A study on the transmission of COVID-19 variants to and across Canada shows that international travel restrictions were an important intervention to reduce or slow the spread, according to a report published today in eLife.
The results suggest that reducing the number of virus imports that can cause domestic outbreaks in a country through dynamic travel bans gives governments more time to prepare for a new variant – through more testing, contact tracing and vaccination programs.
The COVID-19 pandemic has highlighted the importance of genomic epidemiology – that is, genetic sequencing of SARS-CoV-2 samples from different regions and times – to understand the origin and movement of virus variants internationally, especially variants of concern or interest. These methods have been widely used in the UK, US, Brazil, New Zealand and Europe and have illustrated the variation in epidemic dynamics between countries that took different public health approaches to contain the virus.
Large-scale SARS-CoV-2 genomic epidemiological analyzes in Canada have so far been limited to an early epidemic study in Quebec. We wanted to flesh out this study with a nationwide analysis for the first and second COVID-19 wave. We also wanted to evaluate the impact of international travel restrictions in March 2020 on international imports of the virus and understand why the virus persisted through 2021.”
Angela McLaughlin, lead author, research assistant at the British Columbia Center for Excellence in HIV/AIDS, and a PhD candidate in Bioinformatics, University of British Columbia, Canada
The team used available sequence data from Canadian COVID-19 cases and data on the prevalence of circulating variants in other countries to estimate the geographic origin of the viruses. From this, they identified more than 2,260 introductions of new variants into Canada, including 680 sublines – viruses that were introduced from other countries and then circulated within the Canadian population. They also identified 1,582 loners – viruses that were introduced that did not appear to be spreading among the Canadian population.
Just when travel restrictions were introduced in April 2020, the import rate reached its peak (58.5 sublines per week), including 31.8 from the US and 31.2 imported into Quebec only. Two weeks after the travel restrictions came into effect, the total import rate of sublines had fallen 3.4 times and within four weeks it had fallen 10.3 times.
However, despite these reductions, new virus variants were introduced at a low level until August 2020, when there was a small spike in cases leading up to the second wave. This suggests that wild-type sublines introduced in the summer, when prevalence and immunity were low, contributed to the highest rate of COVID-19 cases in the second wave. This in turn implies that even a low level of continued virus import of similar transmissible variants can contribute to viral persistence. In mid-October, travel restrictions were further eased, and import tariffs recovered quickly, contributing to the second wave.
By categorizing transmission sources as within county, between county, US and other international sources, the team was able to see where the new virus entry came from. They found that most introductions of the first virus (January to July 2020) came from the US, followed by Russia, Italy, India, Spain and the UK, and were mainly imported to Quebec and Ontario. In the second wave (August 2020 to the end of February 2021), the origin of new sublines was still dominated by the US, with increased relative contributions from India, UK, Asia, Europe and Africa.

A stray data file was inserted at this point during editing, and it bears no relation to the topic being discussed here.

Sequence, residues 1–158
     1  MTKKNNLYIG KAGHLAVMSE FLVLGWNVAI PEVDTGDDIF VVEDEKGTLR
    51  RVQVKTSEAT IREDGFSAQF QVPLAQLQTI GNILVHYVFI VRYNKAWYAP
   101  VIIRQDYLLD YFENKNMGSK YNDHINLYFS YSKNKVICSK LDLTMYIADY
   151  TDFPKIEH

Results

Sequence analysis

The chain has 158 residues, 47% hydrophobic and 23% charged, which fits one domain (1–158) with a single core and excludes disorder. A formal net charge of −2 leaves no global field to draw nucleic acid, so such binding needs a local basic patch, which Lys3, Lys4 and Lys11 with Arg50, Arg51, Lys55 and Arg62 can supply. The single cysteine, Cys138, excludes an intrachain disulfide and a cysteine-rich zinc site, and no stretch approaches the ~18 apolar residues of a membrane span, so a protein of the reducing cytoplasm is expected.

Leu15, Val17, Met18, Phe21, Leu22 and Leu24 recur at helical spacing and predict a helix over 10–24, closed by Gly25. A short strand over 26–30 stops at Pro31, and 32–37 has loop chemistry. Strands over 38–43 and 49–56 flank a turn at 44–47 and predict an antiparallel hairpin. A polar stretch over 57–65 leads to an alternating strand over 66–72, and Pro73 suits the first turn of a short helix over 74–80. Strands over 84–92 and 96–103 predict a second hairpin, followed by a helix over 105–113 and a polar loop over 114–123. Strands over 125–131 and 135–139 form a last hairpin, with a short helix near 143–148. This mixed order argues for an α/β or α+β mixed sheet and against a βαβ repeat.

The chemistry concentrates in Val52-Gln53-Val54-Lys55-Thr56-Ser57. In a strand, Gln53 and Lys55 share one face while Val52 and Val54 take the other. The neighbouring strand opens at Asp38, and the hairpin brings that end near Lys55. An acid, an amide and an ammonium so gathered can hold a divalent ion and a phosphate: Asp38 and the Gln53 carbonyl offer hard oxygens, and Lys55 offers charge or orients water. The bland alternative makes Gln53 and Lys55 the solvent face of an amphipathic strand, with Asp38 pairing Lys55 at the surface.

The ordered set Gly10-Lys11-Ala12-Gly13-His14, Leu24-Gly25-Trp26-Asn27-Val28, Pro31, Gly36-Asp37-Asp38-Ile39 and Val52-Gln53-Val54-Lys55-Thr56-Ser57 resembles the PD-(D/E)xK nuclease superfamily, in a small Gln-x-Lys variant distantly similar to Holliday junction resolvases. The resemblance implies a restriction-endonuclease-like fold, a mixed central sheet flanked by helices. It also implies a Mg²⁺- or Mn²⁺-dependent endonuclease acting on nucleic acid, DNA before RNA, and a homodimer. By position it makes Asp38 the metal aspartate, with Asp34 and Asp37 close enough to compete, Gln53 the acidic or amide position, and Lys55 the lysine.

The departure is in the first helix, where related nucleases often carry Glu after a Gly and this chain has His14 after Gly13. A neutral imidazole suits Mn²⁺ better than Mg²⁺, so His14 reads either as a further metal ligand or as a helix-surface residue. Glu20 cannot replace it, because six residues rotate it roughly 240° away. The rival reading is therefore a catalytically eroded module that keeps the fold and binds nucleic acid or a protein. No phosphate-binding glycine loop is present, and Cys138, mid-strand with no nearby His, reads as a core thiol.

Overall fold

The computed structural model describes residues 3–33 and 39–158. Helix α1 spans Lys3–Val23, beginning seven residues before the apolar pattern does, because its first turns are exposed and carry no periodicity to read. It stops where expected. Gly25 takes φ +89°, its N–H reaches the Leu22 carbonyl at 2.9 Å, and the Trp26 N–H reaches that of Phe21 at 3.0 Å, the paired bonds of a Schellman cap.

That the US was a major contributor to COVID-19 cases in 2020 was not unforeseen by the authors, given the high COVID-19 prevalence in 2020 and the long land border shared between the two countries. Even when international arrivals in Canada fell by 77.8% between 2019 and 2020, the number of truck drivers and crew members (air, ship and train) only decreased by 24.8% and accounted for almost half of all international arrivals after April 2020 While essential key players supporting the supply chain, these arrivals may have inadvertently enabled additional imports from the US – suggesting this is an area where better public health measures, such as contact tracing and rapid testing, could have prevented the movement of new variants. .
“These analyzes shed light on the natural epidemiological history of SARS-CoV-2 in the context of public health interventions and demonstrate how sublineage-based genomic surveillance can be used to identify gaps in a country’s epidemic response,” concludes senior author Jeffrey. Joy, Research Scientist at the British Columbia Center for Excellence in HIV/AIDS and Assistant Professor in the Department of Medicine, University of British Columbia. “Broad and long-term restrictions against non-essential international travel are not necessarily an advisable policy in light of the economic impact. However, our analysis suggests that rapid and strict travel bans to places with a high frequency of a new variant of care, or an outbreak of an entirely new virus, which has not yet been identified domestically, should be seriously considered to reduce the likelihood of multiple, simultaneous outbreaks and overwhelming health care systems.”
McLaughlin, A., et al. (2022) Genomic epidemiology of the first two waves of SARS-CoV-2 in Canada. eLife. doi.org/10.7554/eLife.73896.